By Ron Shinkman, Editor, Laboratory Industry Report
San Diego-based Biocept will collaborate with the University of California at Irvine to study differences in biomarkers in blood-based specimens versus invasive tissue samples.
The intent, officials say, is to be able to more extensively use liquid biopsies to help connect patients with metastatic cancer to targeted therapies.
Liquid biopsies are being pushed by laboratories and some other biotech firms as an alternative to invasive tissue biopsies, which for patients who are suffering lung or liver cancer can be painful and even require general anesthesia.
Biocept has developed blood-based detection of circulating tumor DNA for melanoma, gastric, breast and non-small cell lung cancer. The company is developing tests for colorectal, prostate and other solid tumors in the near term.
"We expect that our collaboration with the University of California, Irvine will provide further clinical validation for the use of Biocept’s liquid biopsy biomarker assays in patients with advanced cancers, including metastatic lung cancer," said Veena Singh, M.D., a Biocept senior vice president in a statement. "Our ability to test for well-recognized and clinically validated biomarkers utilizing our liquid biopsy platform provides a great advantage to patients both in monitoring and at the time of diagnosis when tumor tissue may be insufficient for additional testing or for therapy alteration due to the well-documented issue of tumor heterogeneity."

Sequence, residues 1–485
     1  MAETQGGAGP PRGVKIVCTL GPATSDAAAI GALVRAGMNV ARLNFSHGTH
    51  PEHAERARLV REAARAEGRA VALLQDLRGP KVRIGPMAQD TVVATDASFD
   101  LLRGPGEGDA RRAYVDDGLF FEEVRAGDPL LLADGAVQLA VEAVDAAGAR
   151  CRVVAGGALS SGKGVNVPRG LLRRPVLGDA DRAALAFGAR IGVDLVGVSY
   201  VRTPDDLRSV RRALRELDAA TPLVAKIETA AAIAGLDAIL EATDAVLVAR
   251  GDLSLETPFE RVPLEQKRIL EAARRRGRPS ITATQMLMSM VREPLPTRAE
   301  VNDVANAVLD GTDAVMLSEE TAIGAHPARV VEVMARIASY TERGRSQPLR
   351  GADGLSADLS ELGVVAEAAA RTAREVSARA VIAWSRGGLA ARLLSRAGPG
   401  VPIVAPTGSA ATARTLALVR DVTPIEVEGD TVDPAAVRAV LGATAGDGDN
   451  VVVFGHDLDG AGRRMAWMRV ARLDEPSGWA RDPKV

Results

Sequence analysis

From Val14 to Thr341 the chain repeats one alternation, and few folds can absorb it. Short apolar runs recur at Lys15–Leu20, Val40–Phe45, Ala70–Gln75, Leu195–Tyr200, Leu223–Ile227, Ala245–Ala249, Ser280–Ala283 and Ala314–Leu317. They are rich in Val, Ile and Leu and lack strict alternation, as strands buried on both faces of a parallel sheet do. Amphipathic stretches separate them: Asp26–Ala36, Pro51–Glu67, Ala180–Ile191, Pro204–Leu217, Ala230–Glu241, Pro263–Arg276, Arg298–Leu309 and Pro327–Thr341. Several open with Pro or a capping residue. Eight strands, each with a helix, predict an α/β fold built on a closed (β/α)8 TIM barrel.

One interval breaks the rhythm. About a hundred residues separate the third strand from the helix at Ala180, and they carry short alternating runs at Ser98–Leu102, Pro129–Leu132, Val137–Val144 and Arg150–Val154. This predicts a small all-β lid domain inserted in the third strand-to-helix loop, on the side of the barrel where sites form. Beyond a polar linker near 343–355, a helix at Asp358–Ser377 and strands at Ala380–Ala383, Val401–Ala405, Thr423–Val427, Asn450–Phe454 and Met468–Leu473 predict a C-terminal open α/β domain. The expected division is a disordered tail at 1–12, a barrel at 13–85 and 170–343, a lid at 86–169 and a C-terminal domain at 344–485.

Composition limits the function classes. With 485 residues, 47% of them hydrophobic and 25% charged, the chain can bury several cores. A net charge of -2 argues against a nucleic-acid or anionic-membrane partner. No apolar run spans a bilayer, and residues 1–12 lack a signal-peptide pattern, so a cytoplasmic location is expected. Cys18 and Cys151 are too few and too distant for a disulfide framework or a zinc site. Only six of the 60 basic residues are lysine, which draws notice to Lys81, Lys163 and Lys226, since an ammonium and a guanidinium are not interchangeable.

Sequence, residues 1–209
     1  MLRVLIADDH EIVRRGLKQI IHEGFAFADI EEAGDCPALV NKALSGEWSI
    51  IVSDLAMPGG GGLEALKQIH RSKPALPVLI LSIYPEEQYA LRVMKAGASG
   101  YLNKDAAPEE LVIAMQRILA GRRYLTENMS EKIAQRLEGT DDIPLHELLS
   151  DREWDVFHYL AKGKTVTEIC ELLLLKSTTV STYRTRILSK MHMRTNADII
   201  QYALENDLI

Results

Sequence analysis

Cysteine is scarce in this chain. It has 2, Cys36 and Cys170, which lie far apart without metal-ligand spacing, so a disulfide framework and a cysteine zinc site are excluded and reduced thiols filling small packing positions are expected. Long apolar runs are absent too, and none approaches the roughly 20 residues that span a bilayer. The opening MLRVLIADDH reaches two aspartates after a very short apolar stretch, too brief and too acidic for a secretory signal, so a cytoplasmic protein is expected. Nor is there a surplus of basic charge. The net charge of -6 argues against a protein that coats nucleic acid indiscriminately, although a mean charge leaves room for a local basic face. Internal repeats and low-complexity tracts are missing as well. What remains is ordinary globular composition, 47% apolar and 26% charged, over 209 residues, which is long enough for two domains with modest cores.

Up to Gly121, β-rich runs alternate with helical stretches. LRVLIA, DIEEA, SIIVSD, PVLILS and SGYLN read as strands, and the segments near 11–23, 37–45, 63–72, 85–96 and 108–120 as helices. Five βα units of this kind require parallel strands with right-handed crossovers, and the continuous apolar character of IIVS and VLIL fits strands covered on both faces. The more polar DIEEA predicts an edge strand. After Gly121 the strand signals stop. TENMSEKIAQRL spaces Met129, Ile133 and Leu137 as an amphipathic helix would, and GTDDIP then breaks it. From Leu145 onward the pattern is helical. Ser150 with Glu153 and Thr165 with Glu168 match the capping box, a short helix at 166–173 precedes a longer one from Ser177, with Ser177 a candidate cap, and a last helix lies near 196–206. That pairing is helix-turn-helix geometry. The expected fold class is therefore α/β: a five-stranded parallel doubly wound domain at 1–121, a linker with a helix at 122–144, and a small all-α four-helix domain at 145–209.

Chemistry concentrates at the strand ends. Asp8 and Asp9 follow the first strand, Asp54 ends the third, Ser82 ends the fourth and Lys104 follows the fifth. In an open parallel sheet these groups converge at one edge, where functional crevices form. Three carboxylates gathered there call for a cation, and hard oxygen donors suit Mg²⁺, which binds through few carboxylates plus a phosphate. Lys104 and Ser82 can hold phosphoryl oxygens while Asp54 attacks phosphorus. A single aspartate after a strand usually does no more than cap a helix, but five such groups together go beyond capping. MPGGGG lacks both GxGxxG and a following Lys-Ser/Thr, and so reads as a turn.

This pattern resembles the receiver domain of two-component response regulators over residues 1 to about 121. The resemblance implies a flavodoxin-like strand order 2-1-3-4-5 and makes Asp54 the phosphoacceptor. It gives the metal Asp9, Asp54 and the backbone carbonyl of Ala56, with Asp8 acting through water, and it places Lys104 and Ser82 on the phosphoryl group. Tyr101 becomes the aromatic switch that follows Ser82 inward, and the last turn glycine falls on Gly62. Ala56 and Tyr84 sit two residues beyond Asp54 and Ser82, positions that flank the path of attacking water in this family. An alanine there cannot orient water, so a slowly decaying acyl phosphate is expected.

No financial terms or specifics of the collaboration were immediately disclosed.